The Meramec Valley & Pacific Lines Layout is operated using digital command control v3.6 manufactured by Lenz. The layout is divided into two power districts – an upper and a lower. The set-up includes one LH100 Dispatchers Throttle, two LH90 Engineer’s Throttles, an LZV100 Command/Power Station, and two LV102 5-amp Power Stations. A Lenz XPA XPressNet Phone Adapter is also a part of the system. The now-discontinued XPA allows any 900mHz (or greater) cordless phone to be used as a wireless throttle. The RR&Co. software allows an unlimited number of iPhones to be used as wireless throttles. Various XpressNet ports are located around the layout using both Lenz LA152 Adapters and 5-pin DIN plugs. The DIN plugs have been coupled with LEDs to indicate network status.
LS150 Turnout Decoders
Main-line turnouts on the MV&P are switched primarily by Tortoise (TM) switch machines, which are controlled by stationary decoders from both Lenz and NCE. Lenz LS150 Turnout Decoders are connected to most of the Tortoise machines and several Atlas (TM) switch machines. The LS150s operate both slow-motion Tortoise machines and coil (Atlas) machines, but a couple of diodes need to be included when connecting an LS150 port to a Tortoise. Each LS150 can control up to six turnouts.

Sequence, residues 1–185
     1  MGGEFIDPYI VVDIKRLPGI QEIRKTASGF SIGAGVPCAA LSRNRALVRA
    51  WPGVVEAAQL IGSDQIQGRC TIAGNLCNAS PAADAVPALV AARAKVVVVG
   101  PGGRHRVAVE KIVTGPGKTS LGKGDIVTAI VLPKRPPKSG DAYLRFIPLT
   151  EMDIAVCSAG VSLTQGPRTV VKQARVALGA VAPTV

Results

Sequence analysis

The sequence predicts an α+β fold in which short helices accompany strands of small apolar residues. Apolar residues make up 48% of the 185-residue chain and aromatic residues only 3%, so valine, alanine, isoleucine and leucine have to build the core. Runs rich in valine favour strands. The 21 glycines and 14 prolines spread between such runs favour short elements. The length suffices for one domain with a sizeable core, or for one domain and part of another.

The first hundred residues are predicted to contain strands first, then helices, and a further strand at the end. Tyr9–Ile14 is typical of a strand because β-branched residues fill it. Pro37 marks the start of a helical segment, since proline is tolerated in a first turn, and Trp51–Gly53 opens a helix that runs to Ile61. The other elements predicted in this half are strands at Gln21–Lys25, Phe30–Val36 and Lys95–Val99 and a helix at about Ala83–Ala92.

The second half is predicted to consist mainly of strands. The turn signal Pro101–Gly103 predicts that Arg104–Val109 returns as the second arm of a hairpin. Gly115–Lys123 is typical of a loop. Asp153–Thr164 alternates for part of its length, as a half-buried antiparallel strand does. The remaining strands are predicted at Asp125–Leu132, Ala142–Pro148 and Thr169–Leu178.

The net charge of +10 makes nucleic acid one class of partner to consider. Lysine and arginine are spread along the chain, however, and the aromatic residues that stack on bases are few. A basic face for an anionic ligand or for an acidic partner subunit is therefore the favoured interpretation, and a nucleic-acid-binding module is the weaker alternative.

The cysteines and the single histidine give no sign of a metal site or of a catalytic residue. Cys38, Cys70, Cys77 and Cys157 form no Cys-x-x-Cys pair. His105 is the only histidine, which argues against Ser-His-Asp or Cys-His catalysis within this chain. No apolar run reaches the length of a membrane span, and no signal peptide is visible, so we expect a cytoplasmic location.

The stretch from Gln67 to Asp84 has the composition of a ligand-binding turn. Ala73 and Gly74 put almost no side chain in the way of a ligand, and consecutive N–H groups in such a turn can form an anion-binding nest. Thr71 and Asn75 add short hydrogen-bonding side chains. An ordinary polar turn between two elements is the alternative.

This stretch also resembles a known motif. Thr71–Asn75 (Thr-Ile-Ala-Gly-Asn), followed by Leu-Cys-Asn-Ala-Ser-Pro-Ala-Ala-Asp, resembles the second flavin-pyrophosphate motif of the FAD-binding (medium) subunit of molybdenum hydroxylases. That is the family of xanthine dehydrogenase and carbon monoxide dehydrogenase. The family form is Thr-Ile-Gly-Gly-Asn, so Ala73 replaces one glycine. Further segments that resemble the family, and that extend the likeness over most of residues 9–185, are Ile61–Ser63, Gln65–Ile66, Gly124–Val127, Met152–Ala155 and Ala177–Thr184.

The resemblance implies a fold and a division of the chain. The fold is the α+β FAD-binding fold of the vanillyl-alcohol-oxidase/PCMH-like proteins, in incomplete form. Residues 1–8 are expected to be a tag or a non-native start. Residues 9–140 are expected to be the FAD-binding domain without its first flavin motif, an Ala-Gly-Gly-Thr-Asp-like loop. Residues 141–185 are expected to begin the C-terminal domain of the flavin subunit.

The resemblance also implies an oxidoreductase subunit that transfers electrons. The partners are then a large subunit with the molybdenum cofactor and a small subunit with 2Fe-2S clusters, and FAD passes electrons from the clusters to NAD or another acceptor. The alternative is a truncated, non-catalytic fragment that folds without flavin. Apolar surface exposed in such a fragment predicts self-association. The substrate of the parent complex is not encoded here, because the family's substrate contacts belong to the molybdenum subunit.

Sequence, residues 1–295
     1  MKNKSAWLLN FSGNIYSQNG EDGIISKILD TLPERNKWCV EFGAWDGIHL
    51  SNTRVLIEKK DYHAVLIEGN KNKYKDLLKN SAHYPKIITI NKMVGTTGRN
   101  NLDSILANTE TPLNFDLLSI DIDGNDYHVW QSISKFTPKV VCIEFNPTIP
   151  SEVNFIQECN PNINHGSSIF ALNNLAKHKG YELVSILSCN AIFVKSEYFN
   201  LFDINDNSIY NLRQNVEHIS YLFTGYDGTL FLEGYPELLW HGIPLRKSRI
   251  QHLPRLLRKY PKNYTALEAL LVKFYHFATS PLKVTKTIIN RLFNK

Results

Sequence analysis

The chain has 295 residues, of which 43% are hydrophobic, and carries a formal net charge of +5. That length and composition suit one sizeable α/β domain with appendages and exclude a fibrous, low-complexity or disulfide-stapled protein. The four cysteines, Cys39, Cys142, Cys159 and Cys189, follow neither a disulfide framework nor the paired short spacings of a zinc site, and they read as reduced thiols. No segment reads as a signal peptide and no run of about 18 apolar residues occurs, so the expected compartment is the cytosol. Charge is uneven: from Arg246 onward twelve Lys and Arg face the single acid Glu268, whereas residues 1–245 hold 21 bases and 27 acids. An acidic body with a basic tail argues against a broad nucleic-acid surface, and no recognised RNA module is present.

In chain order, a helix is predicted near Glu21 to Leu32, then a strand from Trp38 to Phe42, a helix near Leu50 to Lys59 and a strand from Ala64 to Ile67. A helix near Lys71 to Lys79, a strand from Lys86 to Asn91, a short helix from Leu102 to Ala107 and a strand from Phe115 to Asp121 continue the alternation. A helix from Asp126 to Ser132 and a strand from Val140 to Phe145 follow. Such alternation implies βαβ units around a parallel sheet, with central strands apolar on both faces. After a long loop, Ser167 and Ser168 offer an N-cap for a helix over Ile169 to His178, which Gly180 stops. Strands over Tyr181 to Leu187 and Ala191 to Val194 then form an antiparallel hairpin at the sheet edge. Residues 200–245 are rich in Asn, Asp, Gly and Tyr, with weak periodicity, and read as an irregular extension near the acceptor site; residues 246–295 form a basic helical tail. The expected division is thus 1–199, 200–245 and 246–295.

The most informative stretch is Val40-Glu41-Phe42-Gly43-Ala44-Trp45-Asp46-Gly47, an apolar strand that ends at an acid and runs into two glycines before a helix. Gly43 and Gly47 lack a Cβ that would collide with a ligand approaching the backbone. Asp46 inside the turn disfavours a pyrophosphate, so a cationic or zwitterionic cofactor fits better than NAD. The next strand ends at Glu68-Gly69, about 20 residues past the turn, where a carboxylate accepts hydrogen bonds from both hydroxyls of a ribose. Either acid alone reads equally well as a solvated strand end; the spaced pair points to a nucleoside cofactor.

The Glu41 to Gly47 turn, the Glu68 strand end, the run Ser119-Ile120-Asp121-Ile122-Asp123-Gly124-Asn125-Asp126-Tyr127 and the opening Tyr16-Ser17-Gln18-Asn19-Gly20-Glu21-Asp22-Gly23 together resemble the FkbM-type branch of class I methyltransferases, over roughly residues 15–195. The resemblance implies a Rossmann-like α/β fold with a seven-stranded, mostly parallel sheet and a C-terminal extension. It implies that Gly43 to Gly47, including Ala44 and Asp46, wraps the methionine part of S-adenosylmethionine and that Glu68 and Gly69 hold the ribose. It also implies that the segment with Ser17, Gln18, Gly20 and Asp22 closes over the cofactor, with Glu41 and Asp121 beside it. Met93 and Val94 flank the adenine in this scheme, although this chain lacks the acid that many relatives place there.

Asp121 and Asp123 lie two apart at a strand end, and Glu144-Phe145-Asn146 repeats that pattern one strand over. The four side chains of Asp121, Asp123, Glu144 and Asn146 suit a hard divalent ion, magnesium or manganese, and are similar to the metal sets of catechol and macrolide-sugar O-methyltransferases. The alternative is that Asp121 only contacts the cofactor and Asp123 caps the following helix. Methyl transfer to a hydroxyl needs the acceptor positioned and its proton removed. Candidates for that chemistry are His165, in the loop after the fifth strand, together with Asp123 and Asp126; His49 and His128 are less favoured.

NCE Stationary Decoders
Snap It and Switch It stationary decoders from North Coast Engineering (NCE) are also used to operate several of the layout’s switch machines. Snap It decoders are designed for Atlas machines and Switch It decoders are for Tortoise machines.
NCE now makes an eight-machine decoder called the Switch-8 (TM), which will power only slow motion machines like the Tortoise (TM). As mentioned earlier, the Lenz LS-150 can power both Tortoise and Atlas machines – a possible advantage if you still have a few Atlas switch machines left on the layout. Some of the NCE Switch It decoders have given me problems with the Lenz system. They won’t hold their address, and they sometimes lock up. I’ve not been able to determine the cause.
A Lenz LI101F allows the Lenz DCC system to connect to one of the com ports on my Dell computer. (Lenz also makes a USB interface, the LI-USB.) Connecting the DCC system to the computer allows me to easily program most decoders using Decoder Pro (TM) software. I also use the computer to run Railroad & Company’s TrainController software to assist with layout operation. CTI hardware used to connect to the computer via another com port for my signaling system, but now connects via a USB port.
Track sections on the layout are divided into blocks. Occupancy status within each block is monitored by a current-sensing Lenz LB101 Block Occupancy Detector. Each LB101 can monitor two blocks. Output from the block detectors is fed into Lenz LR101 Feedback Encoders. One LR101 can accept the input from four LB101s. Because each LB101 can monitor two blocks, one LR101 encoder can handle eight track sections. Each LR101 communicates changes in block status back to the command station by way of the XpressNet. This information is then transmitted to the computer.